As the only native Spanish speaker in AndroidGuys, it is always amusing for me to see Android apps for learning Spanish. After all, it is a fairly useful language, with approximately 500 million people talking it natively throughout the world. There are different approaches for learning it, but MosaLingua Spanish uses a fairly common one: repetition.
Developer: MosaLingua Crea
Even though apps are trying to move from an extensive setup process and assume defaults that can be configured afterward, MosaLingua Spanish deviates from this approach and makes you go through a lenghty setup wizard.
First, in case you feel more comfortable in languages other than English, you will be glad to know that you can also learn Spanish with MosaLingua on the basis of French, Italian, Portuguese, and German. Also, in an effort to tailor the app to your needs, it asks you what are your motives for learning Spanish. Unfortunately for some of you, “Understanding reggaeton lyrics” is not one of the choices, but there are other possibilities for you:
- Speak and socialize
- Work and do business
- Improve my grades at school or study abroad
- Pass an exam (DELE, SIELE…)
In case you already know some Spanish words, MosaLingua Spanish lets you start at a higher level. However, for testing the app, I started from the very basics.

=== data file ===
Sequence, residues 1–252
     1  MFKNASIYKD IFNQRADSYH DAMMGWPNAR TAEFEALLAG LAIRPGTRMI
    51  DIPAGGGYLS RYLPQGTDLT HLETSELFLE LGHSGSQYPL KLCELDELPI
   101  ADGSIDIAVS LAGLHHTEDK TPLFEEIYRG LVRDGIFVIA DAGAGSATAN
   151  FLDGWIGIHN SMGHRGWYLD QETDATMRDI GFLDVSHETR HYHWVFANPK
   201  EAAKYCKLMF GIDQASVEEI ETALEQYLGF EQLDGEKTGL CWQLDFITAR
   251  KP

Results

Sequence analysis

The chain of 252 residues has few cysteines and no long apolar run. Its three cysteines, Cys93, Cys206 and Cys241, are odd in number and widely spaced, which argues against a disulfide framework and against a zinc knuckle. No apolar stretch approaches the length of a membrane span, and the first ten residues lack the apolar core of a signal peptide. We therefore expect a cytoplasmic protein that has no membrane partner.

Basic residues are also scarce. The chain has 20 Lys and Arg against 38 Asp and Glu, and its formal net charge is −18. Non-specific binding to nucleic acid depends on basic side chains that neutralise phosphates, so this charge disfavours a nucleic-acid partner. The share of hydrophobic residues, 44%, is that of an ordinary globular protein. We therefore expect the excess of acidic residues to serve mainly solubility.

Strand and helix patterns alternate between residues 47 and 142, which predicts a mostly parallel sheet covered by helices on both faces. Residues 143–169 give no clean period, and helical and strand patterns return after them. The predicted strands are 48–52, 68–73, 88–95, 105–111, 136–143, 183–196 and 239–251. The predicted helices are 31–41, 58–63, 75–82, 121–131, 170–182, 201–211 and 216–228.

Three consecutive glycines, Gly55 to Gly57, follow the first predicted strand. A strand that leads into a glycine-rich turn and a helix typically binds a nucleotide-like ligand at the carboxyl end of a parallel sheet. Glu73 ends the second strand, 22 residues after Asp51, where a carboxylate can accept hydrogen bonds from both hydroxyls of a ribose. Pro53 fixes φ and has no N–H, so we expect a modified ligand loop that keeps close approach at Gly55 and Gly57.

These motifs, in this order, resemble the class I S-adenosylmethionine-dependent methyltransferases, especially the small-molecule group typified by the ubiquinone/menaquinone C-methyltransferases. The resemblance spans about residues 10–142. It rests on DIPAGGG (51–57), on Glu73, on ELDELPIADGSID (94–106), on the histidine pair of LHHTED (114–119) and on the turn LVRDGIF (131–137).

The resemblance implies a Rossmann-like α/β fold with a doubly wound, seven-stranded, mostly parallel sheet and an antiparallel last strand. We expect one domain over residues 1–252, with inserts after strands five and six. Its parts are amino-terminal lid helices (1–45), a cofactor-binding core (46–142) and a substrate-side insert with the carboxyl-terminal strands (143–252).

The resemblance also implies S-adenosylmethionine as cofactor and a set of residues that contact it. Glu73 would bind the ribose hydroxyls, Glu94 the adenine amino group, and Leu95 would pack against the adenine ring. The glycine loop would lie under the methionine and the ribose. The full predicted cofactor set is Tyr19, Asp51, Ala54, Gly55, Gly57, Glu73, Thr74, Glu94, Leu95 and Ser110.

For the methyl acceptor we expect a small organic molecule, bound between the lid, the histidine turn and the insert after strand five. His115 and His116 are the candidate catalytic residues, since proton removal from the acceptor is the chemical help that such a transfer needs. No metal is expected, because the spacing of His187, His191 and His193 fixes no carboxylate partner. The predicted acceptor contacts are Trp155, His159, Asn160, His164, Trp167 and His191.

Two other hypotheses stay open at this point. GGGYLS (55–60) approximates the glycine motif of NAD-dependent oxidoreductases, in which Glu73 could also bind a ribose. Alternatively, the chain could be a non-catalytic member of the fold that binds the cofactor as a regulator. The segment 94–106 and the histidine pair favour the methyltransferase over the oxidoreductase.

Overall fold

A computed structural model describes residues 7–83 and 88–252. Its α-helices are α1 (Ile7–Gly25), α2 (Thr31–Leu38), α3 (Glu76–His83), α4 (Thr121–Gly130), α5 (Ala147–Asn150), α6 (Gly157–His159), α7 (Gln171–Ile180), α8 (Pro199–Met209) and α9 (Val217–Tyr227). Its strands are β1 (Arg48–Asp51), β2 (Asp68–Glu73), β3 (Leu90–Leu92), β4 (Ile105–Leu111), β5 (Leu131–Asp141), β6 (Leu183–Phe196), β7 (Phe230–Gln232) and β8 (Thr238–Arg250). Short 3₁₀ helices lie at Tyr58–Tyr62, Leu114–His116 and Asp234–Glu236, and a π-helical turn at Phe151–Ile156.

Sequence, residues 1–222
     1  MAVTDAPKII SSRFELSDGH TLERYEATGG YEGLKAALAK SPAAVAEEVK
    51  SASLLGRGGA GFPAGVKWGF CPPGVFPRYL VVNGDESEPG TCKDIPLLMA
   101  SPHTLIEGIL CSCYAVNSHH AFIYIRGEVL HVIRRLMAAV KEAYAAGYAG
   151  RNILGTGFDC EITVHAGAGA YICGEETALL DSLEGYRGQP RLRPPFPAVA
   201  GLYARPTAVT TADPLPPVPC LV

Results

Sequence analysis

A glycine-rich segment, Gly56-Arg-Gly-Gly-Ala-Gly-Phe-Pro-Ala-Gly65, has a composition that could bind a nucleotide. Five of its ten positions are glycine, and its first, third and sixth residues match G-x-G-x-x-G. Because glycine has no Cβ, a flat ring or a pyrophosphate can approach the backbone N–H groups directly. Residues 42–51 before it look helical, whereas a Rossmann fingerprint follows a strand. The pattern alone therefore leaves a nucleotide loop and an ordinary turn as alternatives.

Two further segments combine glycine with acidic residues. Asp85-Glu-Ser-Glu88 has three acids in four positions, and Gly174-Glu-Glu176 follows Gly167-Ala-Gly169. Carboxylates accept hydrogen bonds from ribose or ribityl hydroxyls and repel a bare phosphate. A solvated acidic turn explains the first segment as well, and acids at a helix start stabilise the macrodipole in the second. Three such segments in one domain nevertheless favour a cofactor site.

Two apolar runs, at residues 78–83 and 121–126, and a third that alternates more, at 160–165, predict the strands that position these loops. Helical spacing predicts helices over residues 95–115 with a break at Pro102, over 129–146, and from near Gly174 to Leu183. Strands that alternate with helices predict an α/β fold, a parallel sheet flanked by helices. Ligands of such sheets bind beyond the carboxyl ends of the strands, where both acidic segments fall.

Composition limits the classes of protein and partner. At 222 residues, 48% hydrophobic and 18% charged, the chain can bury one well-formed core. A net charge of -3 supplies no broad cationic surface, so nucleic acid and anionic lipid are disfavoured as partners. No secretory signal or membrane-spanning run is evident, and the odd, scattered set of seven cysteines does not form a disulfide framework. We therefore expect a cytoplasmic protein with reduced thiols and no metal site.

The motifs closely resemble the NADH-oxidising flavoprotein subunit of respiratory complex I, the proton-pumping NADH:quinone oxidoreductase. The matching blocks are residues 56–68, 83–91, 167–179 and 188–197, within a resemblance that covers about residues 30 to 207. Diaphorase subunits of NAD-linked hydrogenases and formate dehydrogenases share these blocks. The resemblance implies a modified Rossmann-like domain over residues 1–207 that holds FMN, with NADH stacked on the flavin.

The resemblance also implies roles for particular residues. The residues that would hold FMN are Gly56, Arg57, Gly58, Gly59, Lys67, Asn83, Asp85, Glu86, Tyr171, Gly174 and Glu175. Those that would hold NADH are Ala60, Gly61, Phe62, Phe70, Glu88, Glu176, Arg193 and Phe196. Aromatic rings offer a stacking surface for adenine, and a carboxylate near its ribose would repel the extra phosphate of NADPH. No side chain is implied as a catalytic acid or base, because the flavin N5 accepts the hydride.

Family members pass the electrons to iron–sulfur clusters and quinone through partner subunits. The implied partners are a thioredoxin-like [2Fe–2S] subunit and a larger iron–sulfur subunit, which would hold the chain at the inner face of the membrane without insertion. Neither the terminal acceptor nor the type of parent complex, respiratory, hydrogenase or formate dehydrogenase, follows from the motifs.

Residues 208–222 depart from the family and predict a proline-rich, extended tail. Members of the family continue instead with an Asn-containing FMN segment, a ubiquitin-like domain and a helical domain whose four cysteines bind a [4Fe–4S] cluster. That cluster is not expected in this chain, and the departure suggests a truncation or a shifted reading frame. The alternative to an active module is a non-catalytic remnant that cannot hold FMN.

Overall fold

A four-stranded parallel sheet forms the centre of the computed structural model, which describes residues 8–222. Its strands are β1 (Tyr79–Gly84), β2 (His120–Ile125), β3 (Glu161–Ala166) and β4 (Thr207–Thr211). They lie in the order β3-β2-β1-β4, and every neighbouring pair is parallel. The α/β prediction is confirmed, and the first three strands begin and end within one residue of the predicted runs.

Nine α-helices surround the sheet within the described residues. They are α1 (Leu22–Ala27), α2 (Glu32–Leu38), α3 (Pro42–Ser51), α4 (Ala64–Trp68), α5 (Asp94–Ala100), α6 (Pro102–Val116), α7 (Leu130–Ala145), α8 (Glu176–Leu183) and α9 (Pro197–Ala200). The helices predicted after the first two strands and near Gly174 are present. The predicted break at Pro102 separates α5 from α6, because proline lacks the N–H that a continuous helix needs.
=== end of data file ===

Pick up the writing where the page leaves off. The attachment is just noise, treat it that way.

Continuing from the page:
Finally, the app asks you to make an account. If you don’t want to, you can scroll down and press skip, but some features will be unavailable until you sign in. Nevertheless, it’s nice to have the option of creating the account later, in case you discover that the app is not for you.
Unlike other language-learning apps, MosaLingua Spanish is not based on a gamification approach, like Duolingo. Instead, you are the biggest input for it. If you are the kind of person who writes words into cards and goes through them constantly, then you’ll feel right at home here.
The whole approach is based on repetition. The app makes you repeat each word by talking, reading, and spelling it, and then asks you at the end how confident you are that you memorized it correctly. If you feel like you will have problems with remembering the word in the future, you can let the app know and it will bring it up on your next sessions.
There are different categories of words, such as eating, weather, and transportation, but the recommended way is to follow the order that the app gives you. In it, you go through basic stuff and gradually get more challenging words and expressions.
Each exercise is composed of a set of cards, which the app will first read out loud to you. Then, it will ask you to record yourself. However, it doesn’t give you feedback on how good or bad you did. It more or less relies on how you think your sound compared with the recording, which is, frankly, not ideal.
Then, it makes you memorize the words by looking at a picture of it. Yet again, it speaks the word to you, so that you not only memorize its meaning but its pronunciation. Finally, the app asks you to spell the word (or phrase) by giving you the letters (or words) in a scrambled order. It will give you immediate feedback on how good you did.